What Causes Appendicitis, and What Should You Be Mindful of?

Update Date: Source: Network

Appendicitis: Causes, Treatment, and Post-Operative Care

Appendicitis is a common disease among adolescents, primarily caused by vigorous exercise after eating and chronic constipation. When appendicitis occurs, patients typically experience significant abdominal pain, necessitating immediate hospitalization for appendectomy. Post-operatively, patients require bed rest for approximately one month, ideally in a semi-recumbent position to alleviate muscular stress. Additionally, patients should avoid engaging in physical labor and prioritize wound hygiene and vital sign monitoring.

1. Choosing the Correct Lying Position

Patients with appendicitis often experience significant abdominal pain, which can be effectively alleviated by adopting the correct lying position. Typically, a semi-recumbent or inclined position is recommended, as these positions help reduce muscular stress and relieve pain.

2. Monitoring Vital Signs Post-Operatively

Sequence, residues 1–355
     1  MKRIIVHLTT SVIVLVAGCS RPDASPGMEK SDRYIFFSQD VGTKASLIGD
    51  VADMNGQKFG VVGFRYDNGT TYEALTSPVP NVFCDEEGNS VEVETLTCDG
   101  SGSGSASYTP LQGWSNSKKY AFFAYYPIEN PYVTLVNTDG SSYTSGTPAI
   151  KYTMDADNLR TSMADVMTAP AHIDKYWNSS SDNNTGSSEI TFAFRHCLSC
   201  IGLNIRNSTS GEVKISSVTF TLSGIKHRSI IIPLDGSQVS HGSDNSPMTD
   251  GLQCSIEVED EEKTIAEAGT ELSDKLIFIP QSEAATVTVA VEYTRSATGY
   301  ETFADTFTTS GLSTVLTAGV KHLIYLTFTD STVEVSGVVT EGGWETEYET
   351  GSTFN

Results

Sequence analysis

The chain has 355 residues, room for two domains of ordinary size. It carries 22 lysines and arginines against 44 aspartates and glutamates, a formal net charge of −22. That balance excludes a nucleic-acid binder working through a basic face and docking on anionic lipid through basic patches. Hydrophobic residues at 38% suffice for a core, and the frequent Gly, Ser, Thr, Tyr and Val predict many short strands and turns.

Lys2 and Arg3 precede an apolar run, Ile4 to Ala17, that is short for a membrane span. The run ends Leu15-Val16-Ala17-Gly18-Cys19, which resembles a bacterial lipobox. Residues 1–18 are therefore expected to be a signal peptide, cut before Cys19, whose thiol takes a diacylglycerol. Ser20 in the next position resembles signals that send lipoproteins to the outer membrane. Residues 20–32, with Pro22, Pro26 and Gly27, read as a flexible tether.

Although appendicitis is generally considered a minor surgical procedure, there is still a risk of complications. Therefore, it is crucial to closely monitor the patient's vital signs post-operatively. This includes checking temperature, respiration, pulse, and blood pressure every 30 minutes and communicating promptly with the doctor regarding any changes in the patient's mental status. Any abnormalities must be reported immediately.

3. Avoiding Physical Labor

Post-operative rest is essential, even for patients with chronic appendicitis undergoing conservative treatment. This condition can leave the patient physically weak, and engaging in physical labor before recovery can easily lead to other complications.

Causes of Appendicitis

1. Chronic Constipation

People with chronic constipation may develop fecaliths, which can accumulate in the intestines and lead to abnormal digestion. Sometimes, food particles can be obstructed by these fecaliths and reach the cecum, causing inflammation.

2. Vigorous Exercise After Eating

Engaging in vigorous exercise immediately after eating can easily trigger appendicitis. The gastrointestinal tract is still relatively full after eating, and intense physical activity can cause food to enter the cecum and trigger inflammation.

3. Intestinal Obstruction

Untreated intestinal obstruction can also lead to appendicitis as a complication.